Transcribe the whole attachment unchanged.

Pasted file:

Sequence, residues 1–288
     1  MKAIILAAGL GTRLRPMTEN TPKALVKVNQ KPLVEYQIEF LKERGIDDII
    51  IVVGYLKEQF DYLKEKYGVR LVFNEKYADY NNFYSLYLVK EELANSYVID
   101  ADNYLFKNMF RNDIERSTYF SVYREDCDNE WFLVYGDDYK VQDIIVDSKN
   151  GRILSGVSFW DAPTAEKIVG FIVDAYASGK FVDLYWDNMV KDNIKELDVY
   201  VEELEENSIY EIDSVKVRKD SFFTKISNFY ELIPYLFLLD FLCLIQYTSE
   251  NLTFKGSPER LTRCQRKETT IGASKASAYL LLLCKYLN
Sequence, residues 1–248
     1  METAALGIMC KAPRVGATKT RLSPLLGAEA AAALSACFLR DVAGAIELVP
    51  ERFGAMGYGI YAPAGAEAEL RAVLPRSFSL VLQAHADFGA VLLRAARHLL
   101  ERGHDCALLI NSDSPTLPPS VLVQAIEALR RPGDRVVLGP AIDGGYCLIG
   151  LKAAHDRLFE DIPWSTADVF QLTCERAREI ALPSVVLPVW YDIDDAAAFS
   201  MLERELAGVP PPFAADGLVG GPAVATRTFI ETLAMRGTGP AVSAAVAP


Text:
Sequence, residues 1–288
     1  MKAIILAAGL GTRLRPMTEN TPKALVKVNQ KPLVEYQIEF LKERGIDDII
    51  IVVGYLKEQF DYLKEKYGVR LVFNEKYADY NNFYSLYLVK EELANSYVID
   101  ADNYLFKNMF RNDIERSTYF SVYREDCDNE WFLVYGDDYK VQDIIVDSKN
   151  GRILSGVSFW DAPTAEKIVG FIVDAYASGK FVDLYWDNMV KDNIKELDVY
   201  VEELEENSIY EIDSVKVRKD SFFTKISNFY ELIPYLFLLD FLCLIQYTSE
   251  NLTFKGSPER LTRCQRKETT IGASKASAYL LLLCKYLN
Sequence, residues 1–248
     1  METAALGIMC KAPRVGATKT RLSPLLGAEA AAALSACFLR DVAGAIELVP
    51  ERFGAMGYGI YAPAGAEAEL RAVLPRSFSL VLQAHADFGA VLLRAARHLL
   101  ERGHDCALLI NSDSPTLPPS VLVQAIEALR RPGDRVVLGP AIDGGYCLIG
   151  LKAAHDRLFE DIPWSTADVF QLTCERAREI ALPSVVLPVW YDIDDAAAFS
   201  MLERELAGVP PPFAADGLVG GPAVATRTFI ETLAMRGTGP AVSAAVAP